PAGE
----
The physical exam usually starts with taking your vital signs. These include your blood pressure, pulse rate, respiratory rate and temperature. Many lung doctors consider a spirometry test and an oximetry test to be part of the vital signs info. A spirometry test is a simple breathing test. An oximetry test measures the oxygen level in your blood. Some doctors may do a complete physical exam, checking you from head-to-toe with many stops in between. Or they may decide to do a limited exam, focusing on only the parts of your body related to your current problem. For lung disease patients, a limited exam might include: the skin, ears, nose, throat, neck, lungs, heart and extremities.
Have you ever wondered what health care providers are doing when they tap on your chest and move the stethoscope around? Doctors observe, feel, bang on the chest and listen with a stethoscope to evaluate the lungs.
By observing the chest during breathing, a doctor can make sure the chest is moving as it should. When an individual has chronic breathing problems caused by a blockage to the airflow, they may have a flattened diaphragm (the area below your rib cage). When this happens, the body starts to recruit additional muscles such as the muscles of the neck to help with breathing. A doctor can observe the use of these muscles during an exam.
In addition, a patient’s chest may be larger around and barrelchested. And the lower part of the chest may move in instead of out, when breathing in. This condition is usually caused by a severe flattening of the diaphragm.
By placing his/her hands on the chest during breathing, a doctor can know if the chest is expanding evenly. A doctor can also sometimes feel air moving through blocked airways. He/she may be able to feel abnormal movements of the heart.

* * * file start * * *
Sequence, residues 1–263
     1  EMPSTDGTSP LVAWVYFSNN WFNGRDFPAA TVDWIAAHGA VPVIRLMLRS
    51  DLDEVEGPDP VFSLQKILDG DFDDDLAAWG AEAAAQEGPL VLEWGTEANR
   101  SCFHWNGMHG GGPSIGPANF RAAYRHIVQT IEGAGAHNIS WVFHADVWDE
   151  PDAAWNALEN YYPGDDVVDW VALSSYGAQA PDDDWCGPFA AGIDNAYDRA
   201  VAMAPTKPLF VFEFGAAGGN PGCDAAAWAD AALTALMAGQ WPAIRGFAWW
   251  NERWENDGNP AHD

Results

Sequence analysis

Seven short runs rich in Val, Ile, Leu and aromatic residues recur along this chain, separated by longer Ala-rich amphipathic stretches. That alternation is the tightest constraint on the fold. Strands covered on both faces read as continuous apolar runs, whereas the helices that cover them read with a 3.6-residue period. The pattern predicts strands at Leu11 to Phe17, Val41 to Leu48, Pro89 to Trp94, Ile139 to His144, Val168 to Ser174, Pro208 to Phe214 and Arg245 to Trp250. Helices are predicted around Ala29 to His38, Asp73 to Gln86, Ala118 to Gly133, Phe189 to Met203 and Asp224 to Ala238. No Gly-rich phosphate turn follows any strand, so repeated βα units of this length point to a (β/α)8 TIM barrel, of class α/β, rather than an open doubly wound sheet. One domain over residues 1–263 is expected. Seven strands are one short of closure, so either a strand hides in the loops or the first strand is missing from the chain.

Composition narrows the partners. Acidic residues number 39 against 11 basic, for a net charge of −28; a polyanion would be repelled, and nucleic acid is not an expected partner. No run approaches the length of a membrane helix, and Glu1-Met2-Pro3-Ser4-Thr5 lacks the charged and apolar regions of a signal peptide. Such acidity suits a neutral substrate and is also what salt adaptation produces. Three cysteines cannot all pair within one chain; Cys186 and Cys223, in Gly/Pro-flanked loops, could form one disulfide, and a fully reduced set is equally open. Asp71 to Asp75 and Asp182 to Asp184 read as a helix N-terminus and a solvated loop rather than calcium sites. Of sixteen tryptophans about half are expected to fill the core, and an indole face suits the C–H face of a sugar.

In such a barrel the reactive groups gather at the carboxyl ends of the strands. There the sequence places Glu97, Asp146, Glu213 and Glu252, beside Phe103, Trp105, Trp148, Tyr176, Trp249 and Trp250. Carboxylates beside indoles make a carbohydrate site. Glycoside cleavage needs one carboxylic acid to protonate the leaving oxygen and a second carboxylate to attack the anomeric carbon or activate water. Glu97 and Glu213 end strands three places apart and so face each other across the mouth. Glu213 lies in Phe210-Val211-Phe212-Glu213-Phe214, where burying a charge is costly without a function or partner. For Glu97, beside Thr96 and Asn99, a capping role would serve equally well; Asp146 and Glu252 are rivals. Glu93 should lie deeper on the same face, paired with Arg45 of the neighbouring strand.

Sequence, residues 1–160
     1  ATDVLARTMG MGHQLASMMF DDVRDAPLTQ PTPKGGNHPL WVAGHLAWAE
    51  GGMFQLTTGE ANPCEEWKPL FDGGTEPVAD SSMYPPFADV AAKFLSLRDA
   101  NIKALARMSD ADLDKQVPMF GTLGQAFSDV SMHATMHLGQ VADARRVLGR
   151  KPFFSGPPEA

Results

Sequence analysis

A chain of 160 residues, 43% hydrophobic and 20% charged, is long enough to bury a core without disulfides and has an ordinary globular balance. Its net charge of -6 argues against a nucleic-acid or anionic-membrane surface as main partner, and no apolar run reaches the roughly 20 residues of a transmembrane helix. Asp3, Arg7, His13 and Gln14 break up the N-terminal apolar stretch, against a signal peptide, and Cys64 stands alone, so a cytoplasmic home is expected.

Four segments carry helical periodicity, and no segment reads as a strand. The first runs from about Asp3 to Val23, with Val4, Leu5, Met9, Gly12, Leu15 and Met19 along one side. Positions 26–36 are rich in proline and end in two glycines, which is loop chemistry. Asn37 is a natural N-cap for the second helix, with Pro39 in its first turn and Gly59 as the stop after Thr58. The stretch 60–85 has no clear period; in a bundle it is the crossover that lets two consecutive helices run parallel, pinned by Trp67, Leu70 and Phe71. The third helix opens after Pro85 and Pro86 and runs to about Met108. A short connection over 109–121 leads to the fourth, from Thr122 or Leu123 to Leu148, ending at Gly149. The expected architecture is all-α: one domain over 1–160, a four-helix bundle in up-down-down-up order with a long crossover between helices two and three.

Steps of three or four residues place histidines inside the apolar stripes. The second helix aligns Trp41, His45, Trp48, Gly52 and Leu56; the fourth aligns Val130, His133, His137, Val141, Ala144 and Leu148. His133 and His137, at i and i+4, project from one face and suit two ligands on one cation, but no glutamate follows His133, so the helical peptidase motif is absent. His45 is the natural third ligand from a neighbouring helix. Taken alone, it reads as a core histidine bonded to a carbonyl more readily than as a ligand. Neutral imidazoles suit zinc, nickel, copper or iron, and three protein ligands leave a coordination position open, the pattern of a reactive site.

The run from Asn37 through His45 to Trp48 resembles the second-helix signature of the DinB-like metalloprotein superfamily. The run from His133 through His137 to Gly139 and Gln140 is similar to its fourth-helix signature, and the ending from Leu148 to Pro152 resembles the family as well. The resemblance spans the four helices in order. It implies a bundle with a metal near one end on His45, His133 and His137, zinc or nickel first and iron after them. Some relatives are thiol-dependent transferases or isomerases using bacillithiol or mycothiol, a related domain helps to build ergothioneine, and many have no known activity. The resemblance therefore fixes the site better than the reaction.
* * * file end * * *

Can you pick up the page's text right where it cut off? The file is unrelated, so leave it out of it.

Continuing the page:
Most people have an image of the old doctor tapping on the chest with his fingers. This is called “percussion.” It is usually done by placing one hand on the chest and hitting a finger of
that hand with the tip of a finger of the other. It is very much like tapping the side of a barrel to see how much liquid is in it. The chest sounds differently depending on how much air is in it.
People with emphysema often have a chest that sounds like an empty barrel instead of a full one. With pleurisy, there is fluid surrounding the lungs. A doctor can hear the change in sound as he/she taps the chest at the top of the fluid level.
Listening to a chest with a stethoscope is known as “auscultation.” The stethoscope is designed to amplify the breath and heart sounds and highlight the frequency of sound. The classic stethoscope has two sides. There is a flat side for listening to sounds with a high pitch. The domed side is for listening to lower-pitched sounds. Many doctors are now using electronic stethoscopes. With these, lung and heart sounds are transmitted electronically to the ear pieces.
A doctor can determine how much and how well air is moving during breathing. They can listen for wheezing and other sounds which may suggest there is a blockage to the airflow. They can also listen for sounds that indicate there is fluid in the lungs or sounds that suggest the changes of pneumonia. In a COPD patient, a doctor will usually hear air movement sounds that are softer than normal. This means there is decreased breath. They may also hear prolonged breathing out, wheezing and “rhonchi” which is the sound of air moving past mucus.
When physicians listen to the heart, they usually listen to four main areas. These areas are the places where the sound of the various heart valves opening and closing can be heard. In these places, the sounds of abnormal blood flow may also be heard. The doctor may listen to other areas if there are unusual sounds noted, or if he/she is listening for certain heart abnormalities. They may ask you to change position or hold your breath. Sounds caused by abnormal blood flow through the valves of the heart are called “murmurs.” Not all murmurs mean the heart is abnormal. The heart and lungs depend on one another to fill the blood with oxygen and pump it through the body. So, some changes in heart sounds can
actually mean there is lung disease.
The doctor may observe your abdomen or stomach. They may listen to it, push on it and explore it with both hands and percuss it. The size of the liver and spleen, in the right and left
upper abdomen, are of particular interest in examining for liver disease.
An exam of the arms, hands, legs and feet can sometimes reveal signs of fluid build-up called “edema.” This can mean there are lung, liver or heart problems. Lung problems which cause low oxygen in the blood can sometimes lead to a blueness of the lips or fingers called “cyanosis.” Certain lung diseases can lead to abnormally shaped nails and fingertips, called “clubbing.”